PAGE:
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Jacqueline Simcox Ltd

Chatsworth Silk Brocade (detail)
Chinese, circa 1830
Length: 482 inches (12.24 meters);
width: 29 1/2 inches (74.9 cm)

A partial bolt of yellow silk brocade, woven in China for export to Europe in the 1830s. It is identical to the silk which was bought in England at one of the Customs Houses by the 6th Duke of Devonshire to use at Chatsworth as curtains and cornices for the Library and shortly after moved to the Yellow Drawing Room. Other cornices of the same material were removed to Devonshire House in London. This is a rare documentary silk, in perfect condition, and is striking with the brilliant yellow ground and large lotus and peony blossoms. Such textiles were frequently mistaken for Indian silk, since India was typically the last country where purchases were loaded onto the trading ships. In 1844 the Duke recorded in his handbook: 'More Indian silk, yellow, bought at the Custom House at the same time as the red' and 'The curtains here as well as in the dining room are made of Indian silk'. In her book Chatsworth: The House (2002), p. 173, the current dowager Duchess of Devonshire states that a past housekeeper kept a fragment of this particular silk which had Chinese characters printed on the back.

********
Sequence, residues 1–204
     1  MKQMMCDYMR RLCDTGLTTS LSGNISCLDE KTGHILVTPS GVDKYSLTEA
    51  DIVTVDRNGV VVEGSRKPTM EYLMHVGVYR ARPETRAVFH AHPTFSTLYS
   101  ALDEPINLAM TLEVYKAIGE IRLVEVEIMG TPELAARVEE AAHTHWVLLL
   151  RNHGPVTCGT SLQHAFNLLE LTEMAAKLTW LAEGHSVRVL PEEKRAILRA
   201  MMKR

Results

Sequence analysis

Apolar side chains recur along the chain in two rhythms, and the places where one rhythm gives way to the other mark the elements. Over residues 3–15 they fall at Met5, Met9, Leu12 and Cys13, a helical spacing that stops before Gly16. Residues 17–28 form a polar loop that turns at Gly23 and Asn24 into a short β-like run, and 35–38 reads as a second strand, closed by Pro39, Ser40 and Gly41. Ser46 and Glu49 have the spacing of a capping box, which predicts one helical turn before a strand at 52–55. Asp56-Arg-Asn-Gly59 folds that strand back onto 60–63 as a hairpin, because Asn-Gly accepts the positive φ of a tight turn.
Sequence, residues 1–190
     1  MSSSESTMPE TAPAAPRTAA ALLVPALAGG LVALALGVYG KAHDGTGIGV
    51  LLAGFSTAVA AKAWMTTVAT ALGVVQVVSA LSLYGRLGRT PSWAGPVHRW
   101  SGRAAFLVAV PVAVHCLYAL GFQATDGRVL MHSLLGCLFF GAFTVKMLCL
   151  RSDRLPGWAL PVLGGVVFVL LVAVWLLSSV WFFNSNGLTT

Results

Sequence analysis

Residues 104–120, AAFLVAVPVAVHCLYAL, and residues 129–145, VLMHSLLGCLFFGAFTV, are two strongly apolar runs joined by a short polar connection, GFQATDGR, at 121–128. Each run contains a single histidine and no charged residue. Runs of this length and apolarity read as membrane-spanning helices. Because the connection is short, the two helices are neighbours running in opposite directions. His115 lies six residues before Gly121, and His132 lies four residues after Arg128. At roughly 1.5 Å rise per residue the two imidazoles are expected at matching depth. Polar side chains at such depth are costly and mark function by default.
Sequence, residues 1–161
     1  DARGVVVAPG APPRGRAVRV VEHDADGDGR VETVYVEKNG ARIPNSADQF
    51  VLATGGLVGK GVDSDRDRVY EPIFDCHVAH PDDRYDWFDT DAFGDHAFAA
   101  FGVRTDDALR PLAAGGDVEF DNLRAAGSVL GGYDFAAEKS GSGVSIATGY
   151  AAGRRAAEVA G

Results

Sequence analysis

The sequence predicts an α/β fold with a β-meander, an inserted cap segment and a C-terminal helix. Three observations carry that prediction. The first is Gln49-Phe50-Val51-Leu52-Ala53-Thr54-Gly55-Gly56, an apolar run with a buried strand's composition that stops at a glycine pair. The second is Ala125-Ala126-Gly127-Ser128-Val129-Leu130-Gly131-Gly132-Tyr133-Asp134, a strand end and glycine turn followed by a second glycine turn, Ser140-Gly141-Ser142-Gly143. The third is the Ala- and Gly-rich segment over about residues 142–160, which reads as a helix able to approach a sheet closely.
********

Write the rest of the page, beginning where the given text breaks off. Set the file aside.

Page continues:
A direct comparison of the pattern can be seen in a bolt of blue silk satin with velvet flowers and foliage, dating to the Qianlong period (1736-95), now in The Palace Museum, Beijing, illustrated in Textiles and Embroideries of the Ming and Qing Dynasties, pl. 28, vol. 50 of The Complete collection of Treasures of the Palace Museum, 2005.

all text & images Jacqueline Simcox Ltd

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